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Cardiovascular disease in patients with chronic kidney disease: a neglected subgroup
  1. Arun Kumar Subbiah,
  2. Yogesh K Chhabra,
  3. Sandeep Mahajan
  1. Department of Nephrology, All India Institute of Medical Sciences, New Delhi, India
  1. Correspondence to Dr Sandeep Mahajan, Department of Nephrology, All India Institute of Medical Sciences, New Delhi 110029, India; mahajansn{at}


The burden of non-communicable diseases has increased exponentially over the past decade and they account for majority of the health-related morbidity and mortality worldwide. In line with this, the prevalence of chronic kidney disease (CKD) has been increasing over the years. CKD progresses through stages and it is well known that patients are more likely to die than to progress to end-stage renal disease. The presence of multiple classical and novel risk factors predisposes this group of patients to premature cardiovascular mortality. Though being a common entity, prevention, diagnosis and treatment of cardiovascular diseases in CKD are mired with controversies. This is due to the fact that many of the well-established diagnostic modalities and treatment strategies have not been studied in detail in patients with CKD. Moreover, most of the studies have excluded patients with renal dysfunction though they are at a higher risk for adverse outcomes and require specific dose modifications. This has limited the evidence base for optimal decision making. In this review, we aim to cover the risk factors, diagnosis and effectiveness of interventional strategies in patients with CKD.


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Renal origin of cardiovascular disease (CVD) was first suggested by Richard Bright as early as in 1836. This has been confirmed by multiple epidemiological studies wherein as compared with the general population, patients with chronic kidney disease (CKD) had more frequent and severe CVD. CKD per se is considered to be a coronary artery disease (CAD) equivalent and in fact persons with early stages of CKD are more likely to die of CVDs than progress to end-stage renal disease (ESRD).1 Though the magnitude of this risk has been repeatedly discussed, the trials have conveniently excluded patients with renal impairment. Thus, evidence-based management of CVD in CKD is lacking. This has significant treatment implications, as measures directed at preventing the progression of CKD would prevent cardiovascular morbidity and mortality too. The concept that CVD and CKD can initiate and perpetuate one another led to the creation of cardiorenal syndrome as a separate clinical entity.2 The mechanism underlying the increased risk of cardiovascular events in patients with CKD has not been well defined. Several factors are believed to be responsible for such an association. Even after adjusting for the coexisting multiple risk factors, CKD appears to be the major factor in determining cardiovascular morbidity and mortality.3 In this review, we present the available evidence on the CVD burden in CKD, risk factors, diagnostic modalities and treatment options with future research questions on CVD in CKD.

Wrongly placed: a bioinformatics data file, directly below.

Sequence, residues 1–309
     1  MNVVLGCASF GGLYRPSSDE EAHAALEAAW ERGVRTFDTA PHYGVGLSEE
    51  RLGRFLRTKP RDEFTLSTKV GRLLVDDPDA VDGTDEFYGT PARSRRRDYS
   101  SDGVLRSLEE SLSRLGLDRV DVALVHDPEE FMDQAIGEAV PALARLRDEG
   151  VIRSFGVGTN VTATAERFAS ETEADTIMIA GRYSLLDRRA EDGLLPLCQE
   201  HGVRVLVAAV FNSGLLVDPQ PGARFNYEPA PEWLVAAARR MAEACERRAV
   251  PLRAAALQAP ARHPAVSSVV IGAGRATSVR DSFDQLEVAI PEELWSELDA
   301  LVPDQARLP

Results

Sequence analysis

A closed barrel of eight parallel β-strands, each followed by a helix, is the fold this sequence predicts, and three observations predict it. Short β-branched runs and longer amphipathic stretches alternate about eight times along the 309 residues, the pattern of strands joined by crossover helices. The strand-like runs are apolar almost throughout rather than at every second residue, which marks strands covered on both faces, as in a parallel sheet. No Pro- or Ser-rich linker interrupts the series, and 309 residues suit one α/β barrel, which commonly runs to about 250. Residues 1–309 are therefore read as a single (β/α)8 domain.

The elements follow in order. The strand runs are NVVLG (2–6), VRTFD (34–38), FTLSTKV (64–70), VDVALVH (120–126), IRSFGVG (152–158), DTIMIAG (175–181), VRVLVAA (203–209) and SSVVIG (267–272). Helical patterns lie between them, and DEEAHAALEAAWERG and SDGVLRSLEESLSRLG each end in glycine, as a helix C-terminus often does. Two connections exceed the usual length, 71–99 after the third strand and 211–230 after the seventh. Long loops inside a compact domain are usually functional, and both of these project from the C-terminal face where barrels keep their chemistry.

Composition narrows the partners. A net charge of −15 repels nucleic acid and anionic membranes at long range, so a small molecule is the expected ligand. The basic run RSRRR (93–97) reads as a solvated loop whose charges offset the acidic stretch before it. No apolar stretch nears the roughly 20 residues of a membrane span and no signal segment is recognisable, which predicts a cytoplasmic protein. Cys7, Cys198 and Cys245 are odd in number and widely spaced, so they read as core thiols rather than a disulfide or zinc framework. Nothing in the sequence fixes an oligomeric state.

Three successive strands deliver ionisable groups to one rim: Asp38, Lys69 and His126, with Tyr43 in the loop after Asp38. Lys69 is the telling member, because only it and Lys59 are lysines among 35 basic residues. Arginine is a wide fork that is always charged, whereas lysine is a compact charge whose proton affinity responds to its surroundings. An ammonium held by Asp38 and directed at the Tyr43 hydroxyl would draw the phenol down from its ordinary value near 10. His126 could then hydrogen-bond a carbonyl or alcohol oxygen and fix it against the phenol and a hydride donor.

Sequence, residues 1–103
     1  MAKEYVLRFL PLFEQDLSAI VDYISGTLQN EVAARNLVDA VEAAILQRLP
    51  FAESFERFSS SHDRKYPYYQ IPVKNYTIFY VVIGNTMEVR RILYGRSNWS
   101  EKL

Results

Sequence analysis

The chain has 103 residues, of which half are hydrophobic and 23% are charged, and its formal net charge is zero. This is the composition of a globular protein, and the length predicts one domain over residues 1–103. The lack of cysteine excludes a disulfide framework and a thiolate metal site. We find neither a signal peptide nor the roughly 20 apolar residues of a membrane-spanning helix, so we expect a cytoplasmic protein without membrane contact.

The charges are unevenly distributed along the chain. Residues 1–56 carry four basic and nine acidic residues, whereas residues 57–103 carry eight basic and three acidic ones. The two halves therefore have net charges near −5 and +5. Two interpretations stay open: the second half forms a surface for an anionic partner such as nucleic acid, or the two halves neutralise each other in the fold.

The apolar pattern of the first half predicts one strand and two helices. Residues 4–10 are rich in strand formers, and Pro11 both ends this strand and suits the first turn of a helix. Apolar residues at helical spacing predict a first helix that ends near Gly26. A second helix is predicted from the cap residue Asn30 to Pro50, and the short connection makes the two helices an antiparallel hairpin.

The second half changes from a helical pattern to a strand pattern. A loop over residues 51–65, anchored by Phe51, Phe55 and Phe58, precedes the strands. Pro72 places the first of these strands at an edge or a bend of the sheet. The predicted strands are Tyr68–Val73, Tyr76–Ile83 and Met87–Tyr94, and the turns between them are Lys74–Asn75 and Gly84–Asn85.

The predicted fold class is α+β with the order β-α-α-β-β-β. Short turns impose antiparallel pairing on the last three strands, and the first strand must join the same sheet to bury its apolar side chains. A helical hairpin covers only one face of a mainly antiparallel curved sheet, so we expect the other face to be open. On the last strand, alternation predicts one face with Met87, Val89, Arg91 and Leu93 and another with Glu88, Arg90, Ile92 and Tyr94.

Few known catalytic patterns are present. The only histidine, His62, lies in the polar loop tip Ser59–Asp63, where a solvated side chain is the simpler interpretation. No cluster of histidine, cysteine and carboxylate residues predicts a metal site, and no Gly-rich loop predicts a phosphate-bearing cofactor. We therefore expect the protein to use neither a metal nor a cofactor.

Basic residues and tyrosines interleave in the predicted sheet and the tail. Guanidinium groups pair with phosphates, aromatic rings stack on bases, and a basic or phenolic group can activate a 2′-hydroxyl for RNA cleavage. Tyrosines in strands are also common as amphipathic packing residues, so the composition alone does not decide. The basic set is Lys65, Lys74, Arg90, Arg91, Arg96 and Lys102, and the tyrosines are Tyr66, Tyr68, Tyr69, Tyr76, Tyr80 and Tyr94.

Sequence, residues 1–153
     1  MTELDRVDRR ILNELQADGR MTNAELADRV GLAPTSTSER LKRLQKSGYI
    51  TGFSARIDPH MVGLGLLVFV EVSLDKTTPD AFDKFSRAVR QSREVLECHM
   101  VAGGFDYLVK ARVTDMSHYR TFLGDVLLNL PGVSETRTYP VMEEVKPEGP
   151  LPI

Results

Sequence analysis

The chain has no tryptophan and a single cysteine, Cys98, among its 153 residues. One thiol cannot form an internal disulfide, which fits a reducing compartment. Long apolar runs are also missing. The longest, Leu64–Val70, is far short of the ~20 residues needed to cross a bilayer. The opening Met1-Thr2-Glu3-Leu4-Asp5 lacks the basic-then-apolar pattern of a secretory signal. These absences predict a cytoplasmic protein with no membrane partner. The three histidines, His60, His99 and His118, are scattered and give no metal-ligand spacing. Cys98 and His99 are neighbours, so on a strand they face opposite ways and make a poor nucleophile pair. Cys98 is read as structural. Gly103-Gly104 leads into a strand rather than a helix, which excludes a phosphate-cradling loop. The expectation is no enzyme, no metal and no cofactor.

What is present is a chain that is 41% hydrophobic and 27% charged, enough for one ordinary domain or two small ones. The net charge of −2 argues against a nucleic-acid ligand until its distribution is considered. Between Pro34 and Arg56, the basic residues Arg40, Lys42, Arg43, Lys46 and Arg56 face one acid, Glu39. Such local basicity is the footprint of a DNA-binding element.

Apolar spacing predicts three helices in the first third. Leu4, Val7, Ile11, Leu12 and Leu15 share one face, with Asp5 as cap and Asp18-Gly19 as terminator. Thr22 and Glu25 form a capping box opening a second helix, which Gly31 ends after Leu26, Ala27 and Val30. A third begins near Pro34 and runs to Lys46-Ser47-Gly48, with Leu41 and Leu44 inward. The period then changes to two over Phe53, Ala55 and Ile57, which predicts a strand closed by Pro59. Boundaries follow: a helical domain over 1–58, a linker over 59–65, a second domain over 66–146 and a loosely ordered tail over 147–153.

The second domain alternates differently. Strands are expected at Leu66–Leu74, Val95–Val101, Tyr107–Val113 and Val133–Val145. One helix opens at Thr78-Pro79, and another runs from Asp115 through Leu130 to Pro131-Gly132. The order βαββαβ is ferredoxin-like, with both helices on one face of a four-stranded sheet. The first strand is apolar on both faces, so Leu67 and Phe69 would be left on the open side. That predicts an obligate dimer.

CVD burden—epidemiology